West Papua Report
This is the 111th in a series of monthly
reports that focus on developments affecting Papuans. This
series is produced by the non-profit West Papua Advocacy
Team (WPAT) drawing on media accounts, other NGO
assessments, and analysis and reporting from sources within
West Papua. This report is co-published by the East Timor
and Indonesia Action Network (ETAN). Back issues are
posted online at
regarding this report can be addressed to Edmund McWilliams
at email@example.com. If you
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The Report leads with "Perspective," an opinion piece; followed by
"Update," a summary of some developments during the covered period; and then
"Chronicle" which includes analyses, statements, new resources, appeals and
action alerts related to West Papua. Anyone interested in contributing a
"Perspective" or responding to one should write to
firstname.lastname@example.org. The opinions expressed in
Perspectives are the author's and not necessarily those of WPAT or ETAN.
For additional news on West Papua see the reg.westpapua listserv
archive or on
The West Papua Advocacy Team announces the granting of the 2013 John Rumbiak
Human Rights Defenders Award to Port Moresby Governor
Powes Parkop. This month's "PERSPECTIVE" provides
an account of the 1998 Biak Massacre by an observer who visited the scene
days after the Indonesian Navy's brutal assault on peaceful civilians there.
UPDATE offers a detailed account and analysis of the
Melanesian Spearhead Group's consideration of Papuans' application for
membership. UNICEF examines the Indonesian government failure to address
the needs of Papuan youth and also reports on Indonesian exploitation of
Papuan youth. The report notes that the police in West Papua have honored
two of their own, notwithstanding their involvement in brutality targeting
West Papuan civilians. The "CHRONICLE" section
notes a new report on the Indonesian military's plans to build a massive highway
system in West Papua, and cites two reports on the Merauke Integrated Food and
Energy Estate (MIFEE) "development" scheme that has already severely damaged
local people's interests. The International Coalition for Papua has a new report
on human rights violations in the territory.
WPAT's 2013 John Rumbiak Human Rights
Defenders Award Goes to PNG's Powes Parkop
The West Papua Advocacy Team (WPAT) is pleased to announce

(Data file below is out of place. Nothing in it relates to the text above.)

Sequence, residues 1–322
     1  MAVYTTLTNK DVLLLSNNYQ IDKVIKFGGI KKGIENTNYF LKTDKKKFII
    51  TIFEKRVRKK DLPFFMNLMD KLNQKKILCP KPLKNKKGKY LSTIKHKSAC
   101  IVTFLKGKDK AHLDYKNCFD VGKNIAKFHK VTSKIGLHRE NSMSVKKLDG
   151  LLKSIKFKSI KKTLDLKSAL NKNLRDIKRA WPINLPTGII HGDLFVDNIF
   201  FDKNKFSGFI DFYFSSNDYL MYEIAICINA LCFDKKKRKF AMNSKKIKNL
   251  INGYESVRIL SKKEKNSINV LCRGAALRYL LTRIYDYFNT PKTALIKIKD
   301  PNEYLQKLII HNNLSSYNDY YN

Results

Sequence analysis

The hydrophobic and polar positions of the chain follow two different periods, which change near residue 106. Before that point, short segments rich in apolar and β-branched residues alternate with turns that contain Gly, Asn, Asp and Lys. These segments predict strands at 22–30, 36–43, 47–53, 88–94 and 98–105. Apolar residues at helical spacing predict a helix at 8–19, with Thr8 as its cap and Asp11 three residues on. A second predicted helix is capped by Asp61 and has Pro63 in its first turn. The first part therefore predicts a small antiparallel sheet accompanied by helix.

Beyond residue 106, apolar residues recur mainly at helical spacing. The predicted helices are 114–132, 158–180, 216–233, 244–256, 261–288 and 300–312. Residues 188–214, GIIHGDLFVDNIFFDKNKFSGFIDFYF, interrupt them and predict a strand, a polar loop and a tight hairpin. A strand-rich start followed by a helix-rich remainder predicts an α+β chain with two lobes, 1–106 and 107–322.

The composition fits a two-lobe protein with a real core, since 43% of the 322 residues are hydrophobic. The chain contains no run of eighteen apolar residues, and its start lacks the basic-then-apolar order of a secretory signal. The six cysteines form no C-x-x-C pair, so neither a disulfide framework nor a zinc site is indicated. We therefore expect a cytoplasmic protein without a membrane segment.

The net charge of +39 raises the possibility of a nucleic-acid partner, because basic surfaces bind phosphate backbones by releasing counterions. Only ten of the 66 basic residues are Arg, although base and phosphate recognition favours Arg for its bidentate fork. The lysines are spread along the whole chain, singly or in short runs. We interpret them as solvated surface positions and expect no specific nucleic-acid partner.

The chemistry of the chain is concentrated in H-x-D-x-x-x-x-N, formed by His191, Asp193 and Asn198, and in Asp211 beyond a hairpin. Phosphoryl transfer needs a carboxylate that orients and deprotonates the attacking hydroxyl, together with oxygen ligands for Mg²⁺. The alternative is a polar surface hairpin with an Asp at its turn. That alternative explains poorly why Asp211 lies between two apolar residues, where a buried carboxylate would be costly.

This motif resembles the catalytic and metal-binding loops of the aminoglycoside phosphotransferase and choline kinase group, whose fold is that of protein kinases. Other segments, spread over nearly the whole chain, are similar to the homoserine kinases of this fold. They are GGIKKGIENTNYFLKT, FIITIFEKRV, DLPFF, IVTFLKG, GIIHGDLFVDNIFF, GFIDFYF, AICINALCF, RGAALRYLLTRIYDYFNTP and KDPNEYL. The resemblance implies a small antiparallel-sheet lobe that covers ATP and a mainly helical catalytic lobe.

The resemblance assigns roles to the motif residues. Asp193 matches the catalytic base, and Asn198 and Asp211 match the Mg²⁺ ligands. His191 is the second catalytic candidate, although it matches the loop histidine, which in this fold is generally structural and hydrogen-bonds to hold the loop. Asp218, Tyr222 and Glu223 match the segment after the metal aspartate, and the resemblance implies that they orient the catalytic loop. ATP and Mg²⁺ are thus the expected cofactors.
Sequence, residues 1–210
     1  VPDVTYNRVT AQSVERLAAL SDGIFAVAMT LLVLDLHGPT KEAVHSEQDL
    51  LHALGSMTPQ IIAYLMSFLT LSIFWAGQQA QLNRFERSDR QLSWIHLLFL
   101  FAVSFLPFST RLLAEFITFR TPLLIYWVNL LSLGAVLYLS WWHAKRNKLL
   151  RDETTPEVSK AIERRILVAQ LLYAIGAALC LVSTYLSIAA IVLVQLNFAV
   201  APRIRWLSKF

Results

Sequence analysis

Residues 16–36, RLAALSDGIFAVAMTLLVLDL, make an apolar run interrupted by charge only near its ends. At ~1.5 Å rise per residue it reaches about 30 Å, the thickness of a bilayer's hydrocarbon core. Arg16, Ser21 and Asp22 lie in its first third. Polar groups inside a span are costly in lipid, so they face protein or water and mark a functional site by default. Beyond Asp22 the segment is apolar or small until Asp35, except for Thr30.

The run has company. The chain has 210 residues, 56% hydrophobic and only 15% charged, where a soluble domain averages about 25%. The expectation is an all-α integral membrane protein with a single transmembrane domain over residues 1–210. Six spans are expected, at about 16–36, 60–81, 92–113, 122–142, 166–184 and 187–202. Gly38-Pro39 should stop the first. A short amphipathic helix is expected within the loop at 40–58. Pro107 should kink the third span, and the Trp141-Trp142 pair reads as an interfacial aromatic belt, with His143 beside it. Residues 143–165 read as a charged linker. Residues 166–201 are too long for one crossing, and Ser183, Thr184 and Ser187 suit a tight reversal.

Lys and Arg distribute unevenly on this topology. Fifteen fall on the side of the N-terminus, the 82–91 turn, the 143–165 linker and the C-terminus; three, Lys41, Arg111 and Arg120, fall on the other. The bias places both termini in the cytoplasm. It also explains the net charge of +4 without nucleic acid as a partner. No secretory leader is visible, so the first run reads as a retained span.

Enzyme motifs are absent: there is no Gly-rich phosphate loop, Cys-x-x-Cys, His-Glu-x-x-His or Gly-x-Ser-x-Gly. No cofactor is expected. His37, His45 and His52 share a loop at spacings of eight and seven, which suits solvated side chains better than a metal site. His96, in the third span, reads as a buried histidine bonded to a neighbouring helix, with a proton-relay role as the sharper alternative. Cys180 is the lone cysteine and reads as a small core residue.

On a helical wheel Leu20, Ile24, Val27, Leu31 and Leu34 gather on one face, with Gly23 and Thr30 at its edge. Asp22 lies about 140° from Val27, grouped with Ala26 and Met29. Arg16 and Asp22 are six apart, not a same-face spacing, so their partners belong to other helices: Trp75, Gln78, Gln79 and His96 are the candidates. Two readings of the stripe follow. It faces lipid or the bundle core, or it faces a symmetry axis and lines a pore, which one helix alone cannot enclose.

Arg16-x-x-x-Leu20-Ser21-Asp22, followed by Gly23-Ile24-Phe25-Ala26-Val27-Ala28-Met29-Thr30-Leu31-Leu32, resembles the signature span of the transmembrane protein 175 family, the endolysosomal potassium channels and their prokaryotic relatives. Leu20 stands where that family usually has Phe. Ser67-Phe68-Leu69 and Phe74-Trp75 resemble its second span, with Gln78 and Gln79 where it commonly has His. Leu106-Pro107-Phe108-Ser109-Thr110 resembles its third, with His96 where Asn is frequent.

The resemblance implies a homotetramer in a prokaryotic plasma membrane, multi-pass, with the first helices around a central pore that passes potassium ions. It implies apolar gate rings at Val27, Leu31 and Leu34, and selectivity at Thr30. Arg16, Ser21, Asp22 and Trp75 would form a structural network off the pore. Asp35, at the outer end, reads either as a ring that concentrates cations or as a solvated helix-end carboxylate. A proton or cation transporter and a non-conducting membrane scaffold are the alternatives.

that it is giving its 2013 John Rumbiak Human Rights Defenders Award to
Powes Parkop, Governor of the Port Moresby and the National Capital District
of Papua New Guinea. Governor Parkop is also a member of the Papua New
Guinea Parliament. For many decades, Governor Parkop has sought to improve
the plight of refugees in Papua New Guinea who have fled repression in
Indonesian-controlled West Papua. His advocacy for West Papuan's human
rights, including the right to self-determination, within Papua New Guinea
and in the wider international community has been eloquent and consistent.
Since 2008 the West Papua Advocacy Team has annually honored organizations
and individuals with the John Rumbiak Human Rights Defenders Award, named in
honor of the West Papua Advocacy Team founder. The award consists of a
plaque and a $500 stipend.
Carmel Budiardjo and Tapol (UK, 2008),
M. Miller and the East Timor and Indonesian Action
Network (U.S., 2009),
Andreas Harsono (Indonesia,
U.S. Congressional Delegate Eni Faleomavaega
(American Samoa, 2011), and the
Australia West Papua Association (2012).
This month's "Perspective" by Edmund McWilliams, a member of WPAT,
describes his visit to Biak in West Papua in the immediate aftermath of the
July 1998 Indonesian military's massacre of peaceful demonstrators there. At
the time, McWilliams was working at the U.S. Embassy in Jakarta. He has
since retired from the U.S. Foreign Service.
Recalling the 1998 Massacre in Biak
In July 1998, I was serving as the Political Counselor in the U.S.
Embassy in Jakarta. Throughout the archipelago, it was a time of turmoil but
also of great hope. In May, the three-decade old Suharto dictatorship had
been overthrown by a popular uprising led largely by courageous young
people, notably university students, who held massive, largely peaceful
demonstrations. Indonesians were united by the dream of "reformasi":
determined not only to put an end dictatorial rule but also to end
corruption in the governing elite; and a determination to end security force
abuse of human rights and to secure accountability of those forces for their
What transpired in Biak in early July
gave clear indication that in West Papua Suharto-era repression and brutality
were still in force. Those brutal tactics remain the military's modus operandi
to this day.
In various parts of the archipelago, popular demands
reflected grievances particular to the area: In East Timor, people demanded
an end to decades of Indonesia's occupation and repression which extended
back to Indonesia's brutal, illegal invasion in 1975. In Aceh,
people sought to end repression and greater political rights. In West Papua
too, there were increasingly assertive, but peaceful demands for an end to
military repression, exploitation, and the systematic violation of basic
human rights, including the right to self-determination.
In early July, residents of Biak, a small island off West Papua's northern
coast, organized a large demonstration to demand Papuan rights. On July 1,
local people peacefully raised the popular Papuan Morning Star flag to
commemorate the anniversary of West Papua's declaration of independence. There followed several days of celebration and